U.S. Bankruptcy Tracker: Battered Firms Hasten to Cut Costs
(Bloomberg) -- More U.S. bankruptcy filings are happening with restructuring plans already in place, a trend that’s likely to extend as companies look to save time and money by reorganizing before they get to court.
CiCi’s Holdings Inc., parent of the unlimited pizza buffet chain, entered bankruptcy last month with a plan to hand ownership to lenders. Alpha Media Holdings, which operates more than 200 radio stations across the U.S., filed for Chapter 11 with a similar deal already agreed.
‘In and Out’
“Businesses are increasingly spending time negotiating and documenting how they plan to exit from Chapter 11 bankruptcy cases before filing for bankruptcy protection,” said Sara Chenetz, partner in the restructuring group at Perkins Coie. This is especially true for companies with complex capital structures, she said.
Pre-packaged filings allow companies to “cut a consensual deal, minimize litigation, and get in and out quickly,” said Jim Van Horn, partner at law firm Barnes & Thornburg. “The gold standard is to do a pre-pack.”
There may be more pre-packaged filings this year than in 2020, when pandemic-driven uncertainty made it difficult to build creditor consensus prior to a filing, said Daniel Shamah, a partner at law firm O’Melveny & Myers. “Having a Chapter 11 that is controlled is always better,” he said.
To be sure, speedy bankruptcy proceedings aren’t universally loved. They risk blocking restructuring proposals that could generate more cash for creditors, especially lower-ranking ones.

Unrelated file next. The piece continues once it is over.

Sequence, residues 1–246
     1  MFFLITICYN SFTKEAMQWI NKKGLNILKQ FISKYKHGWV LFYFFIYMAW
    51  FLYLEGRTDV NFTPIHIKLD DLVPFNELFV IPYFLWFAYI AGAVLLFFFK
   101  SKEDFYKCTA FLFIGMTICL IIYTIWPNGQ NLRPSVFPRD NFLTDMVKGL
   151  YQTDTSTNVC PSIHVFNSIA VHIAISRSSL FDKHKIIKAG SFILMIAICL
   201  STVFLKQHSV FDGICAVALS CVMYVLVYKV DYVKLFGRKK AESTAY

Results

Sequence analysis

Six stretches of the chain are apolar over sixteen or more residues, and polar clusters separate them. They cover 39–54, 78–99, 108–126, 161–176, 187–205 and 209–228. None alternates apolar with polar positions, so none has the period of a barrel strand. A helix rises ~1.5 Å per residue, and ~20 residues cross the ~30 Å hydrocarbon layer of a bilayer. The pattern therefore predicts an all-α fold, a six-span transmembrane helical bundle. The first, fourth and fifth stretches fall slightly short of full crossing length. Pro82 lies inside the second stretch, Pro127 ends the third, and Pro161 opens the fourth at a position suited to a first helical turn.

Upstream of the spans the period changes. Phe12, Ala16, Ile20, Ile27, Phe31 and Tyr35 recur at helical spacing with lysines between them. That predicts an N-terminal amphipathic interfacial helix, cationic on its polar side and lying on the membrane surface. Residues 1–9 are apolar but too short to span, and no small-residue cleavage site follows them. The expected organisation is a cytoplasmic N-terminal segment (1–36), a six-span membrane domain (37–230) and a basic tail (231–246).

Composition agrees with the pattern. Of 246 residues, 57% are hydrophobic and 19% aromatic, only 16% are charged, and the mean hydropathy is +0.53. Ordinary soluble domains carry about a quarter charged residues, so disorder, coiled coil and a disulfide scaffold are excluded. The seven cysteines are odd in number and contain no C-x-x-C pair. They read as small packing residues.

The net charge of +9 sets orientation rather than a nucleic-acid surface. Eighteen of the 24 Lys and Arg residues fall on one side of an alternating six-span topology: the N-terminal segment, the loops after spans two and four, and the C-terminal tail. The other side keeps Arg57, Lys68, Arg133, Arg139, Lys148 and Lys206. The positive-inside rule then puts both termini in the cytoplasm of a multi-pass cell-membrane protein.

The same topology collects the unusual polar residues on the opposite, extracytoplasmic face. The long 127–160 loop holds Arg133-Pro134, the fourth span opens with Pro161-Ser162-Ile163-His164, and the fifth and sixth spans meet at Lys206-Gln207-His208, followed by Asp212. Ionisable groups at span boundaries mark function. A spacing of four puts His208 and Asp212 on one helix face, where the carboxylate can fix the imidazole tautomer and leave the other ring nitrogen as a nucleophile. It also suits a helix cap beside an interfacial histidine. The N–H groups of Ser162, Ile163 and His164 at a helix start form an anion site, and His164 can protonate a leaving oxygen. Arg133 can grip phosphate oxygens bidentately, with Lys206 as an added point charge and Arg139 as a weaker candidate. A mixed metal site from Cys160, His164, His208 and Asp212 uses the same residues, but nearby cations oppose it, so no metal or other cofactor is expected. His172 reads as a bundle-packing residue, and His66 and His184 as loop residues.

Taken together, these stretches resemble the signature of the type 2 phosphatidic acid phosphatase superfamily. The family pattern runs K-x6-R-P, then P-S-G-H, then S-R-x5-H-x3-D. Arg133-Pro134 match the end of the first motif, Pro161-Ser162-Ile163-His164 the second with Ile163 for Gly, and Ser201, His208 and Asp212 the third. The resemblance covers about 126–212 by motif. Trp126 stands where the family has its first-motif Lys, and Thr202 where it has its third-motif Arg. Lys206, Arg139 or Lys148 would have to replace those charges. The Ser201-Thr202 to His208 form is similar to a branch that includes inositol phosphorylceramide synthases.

Three companies with liabilities of at least $50 million filed for bankruptcy in the week ended Jan. 30, according to data compiled by Bloomberg. This took last month’s total to 12 filings, down from 17 in both December and January 2020.
“You’ll start to see an accelerated pace of filings in the second and third quarter of this year, and perhaps beyond,” said Jerry Switzer, a lawyer at Polsinelli. He expects the retail and hospitality sectors to be particularly busy.
The amount of traded distressed bonds and loans rose to about $131 billion as of Jan. 29, up 2.6% week-on-week, but far below the March peak of $935 billion, according to data compiled by Bloomberg. Troubled bonds increased by 4% while distressed loans fell 2% in the latest week.
By one measure, the amount of outstanding U.S. distressed debt hit a seven-year low in December, according to a new report from S&P Global Ratings. But U.S. corporate defaults still reached their highest level since 2010 in the same month.
Defaults are expected to keep rising amid persistent “revenue generation pressure,” especially in sectors most impacted by Covid, Sudeep Kesh, head of credit markets research at S&P, said in an emailed statement. Distressed exchanges have outpaced bankruptcy filings this year as companies try to delay Chapter 11 or avoid it altogether, he said.
Click here for a worksheet of distressed bonds and loans
There were 362 distressed bonds from 178 issuers trading as of Monday, according to Trace data. That’s up from 342 and 173 bonds and borrowers, respectively, one week earlier, but significantly less than the 1,896 bonds at the March 23 peak.
Transocean Inc. had the most distressed debt of issuers that hadn’t filed for bankruptcy as of Jan. 29, Bloomberg data show.
|Top Distressed Issuers||Debt ($B)|
|Crown Finance US Inc.||3.3|
|Nabors Industries Inc.||2.0|
|Global Aircraft Leasing Co.||1.8|
|AMC Entertainment Holdings Inc.||1.8|
|Diamond Sports Group LLC||1.7|
|PBF Holding Co.||1.7|
|Callon Petroleum Co.||1.5|
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